The beginning of the next year looks to incite dread in French cross-border workers. With the French TER regional rail subject to improvements and CFL updates, cross-border workers will have to experience 'difficult' months.

On the one hand, the SNCF will be accelerating its updates on its TER lines and on the other hand, Luxembourg wants to update its rail security line...but the two rail networks are planning updates on differing schedules.

Unfortunately, cross-border workers will be in the middle of the rail mess, having to suffer through chaotic changes as of 1 January 2020.

The joint director of TER-Grand Est deplored the lack of cross-border cooperation on Tuesday evening. Jacques Weill was at a meeting in Uckange held by the regional transport services committee.

One thing remained certain, according to Weill. The first three months of 2020 will be 'difficult' for TER users travelling between Nancy, Metz, Thionville, and Luxembourg.

Luxembourg refuses exemptions in updating security

The issue resides in the fact that the CFL and TER are operating along conflicting schedules. As of 2017, all CFL trains adopted the new signalling and management standards set by the European Rail Traffic Management System (ERTMS).

Luxembourgish authorities have set 1 January 2020 as the date for which all trains travelling through Luxembourg must be fitted with the new ERTMS systems. This drive to have trains set to the standards originates in part from the February 2017 rail accident in Dudelange, which was partly caused by a fault of the old security system.

However, France never intended on having its trains updated to ERTMS standards at such an early date. The SNCF update for TER trains is set for 2021, but as Weill explained, the SNCF has done as much as possible to push its schedule forward by 15 months. As a result, SNCF will finalise TER updates by April 2020, months after Luxembourg's scheduled deadline.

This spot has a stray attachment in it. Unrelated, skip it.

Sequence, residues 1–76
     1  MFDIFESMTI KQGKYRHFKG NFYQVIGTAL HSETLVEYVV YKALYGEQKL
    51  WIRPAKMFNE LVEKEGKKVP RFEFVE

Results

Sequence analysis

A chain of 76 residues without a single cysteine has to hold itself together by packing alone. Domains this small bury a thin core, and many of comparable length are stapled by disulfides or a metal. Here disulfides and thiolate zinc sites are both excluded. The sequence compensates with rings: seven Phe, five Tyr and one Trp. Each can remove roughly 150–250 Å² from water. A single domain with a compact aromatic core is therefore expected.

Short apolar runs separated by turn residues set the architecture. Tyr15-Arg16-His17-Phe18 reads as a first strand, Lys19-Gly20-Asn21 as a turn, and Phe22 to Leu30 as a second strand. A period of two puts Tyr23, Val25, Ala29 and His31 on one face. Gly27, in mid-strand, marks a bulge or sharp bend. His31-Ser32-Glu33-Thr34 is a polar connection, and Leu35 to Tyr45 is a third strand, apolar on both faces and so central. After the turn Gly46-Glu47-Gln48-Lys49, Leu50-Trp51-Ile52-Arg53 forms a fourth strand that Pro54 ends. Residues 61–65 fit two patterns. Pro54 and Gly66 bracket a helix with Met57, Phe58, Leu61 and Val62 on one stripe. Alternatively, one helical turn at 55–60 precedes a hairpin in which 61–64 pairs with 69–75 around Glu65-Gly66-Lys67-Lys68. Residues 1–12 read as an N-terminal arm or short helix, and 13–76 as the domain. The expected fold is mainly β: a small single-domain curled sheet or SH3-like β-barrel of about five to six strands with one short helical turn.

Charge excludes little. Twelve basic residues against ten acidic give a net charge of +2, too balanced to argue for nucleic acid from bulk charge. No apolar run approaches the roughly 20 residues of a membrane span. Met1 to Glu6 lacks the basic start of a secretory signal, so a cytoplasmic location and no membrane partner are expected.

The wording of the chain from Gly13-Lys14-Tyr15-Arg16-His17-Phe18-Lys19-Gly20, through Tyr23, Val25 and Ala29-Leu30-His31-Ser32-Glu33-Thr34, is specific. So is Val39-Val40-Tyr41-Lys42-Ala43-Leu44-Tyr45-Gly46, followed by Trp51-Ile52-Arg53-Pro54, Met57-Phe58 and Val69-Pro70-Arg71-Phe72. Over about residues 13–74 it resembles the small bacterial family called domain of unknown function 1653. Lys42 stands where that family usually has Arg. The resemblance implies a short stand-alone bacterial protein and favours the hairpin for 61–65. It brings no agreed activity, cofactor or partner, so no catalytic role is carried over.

In light grey - trains not equipped with ERTMS updates. In dark grey, the trains due to be updated from July 2019 to April 2020. / © COREST

Weill deplored that the Luxembourgish authorities remain inflexible, rejecting any exemptions for the first quarter of 2020. As a result, the remainder of TER's fleet which has not been updated will not be allowed to travel through the Grand Duchy.

Only half of TER trains will be equipped by 1 January 2020, corresponding to a dozen. A remaining nine trains will be compatible as of April 2020, followed by two more in June 2020.

What exactly are the consequences?

As Weill explained, only half of TER's two-level fleet will be able to travel to and through Luxembourg in the first quarter of 2020. The remaining trains will be limited to French journeys.

This in turn will lead to a correspondence system. The first commuters of the morning will be fortunate, able to travel on trains going straight to Luxembourg and arriving in Luxembourg up until 7.15am.

Afterwards, these trains will shuttle passengers between Thionville and Luxembourg, taking on passengers who have to get out at Thionville. Commuters will have to change at Thionville if their trains are not authorised to go through to Luxembourg.

Patience required in Thionville

As Weill warned, the first three months of 2020 are due to be difficult for commuters. The SNCF is working on a transport plan to best fit commuters, but Weill was unable to guarantee exact details. All he revealed was that the rail operator will attempt to ensure that waiting times between trains will not be long, being less than 15 minutes in most cases.

© Archives RTL

Additionally, the SNCF will add trains from the Grand Est region to reinforce the Nancy-Thionville line in order to dedicate the two-level trains to the journey between Thionville and Luxembourg.

Weill was only able to promise that the SNCF will do its best to limit the consequences of the lack of compatibility in the first three months of 2020.

The time table should return to normal after April, unless Luxembourg offers TER trains three months of exemption from its new regulation.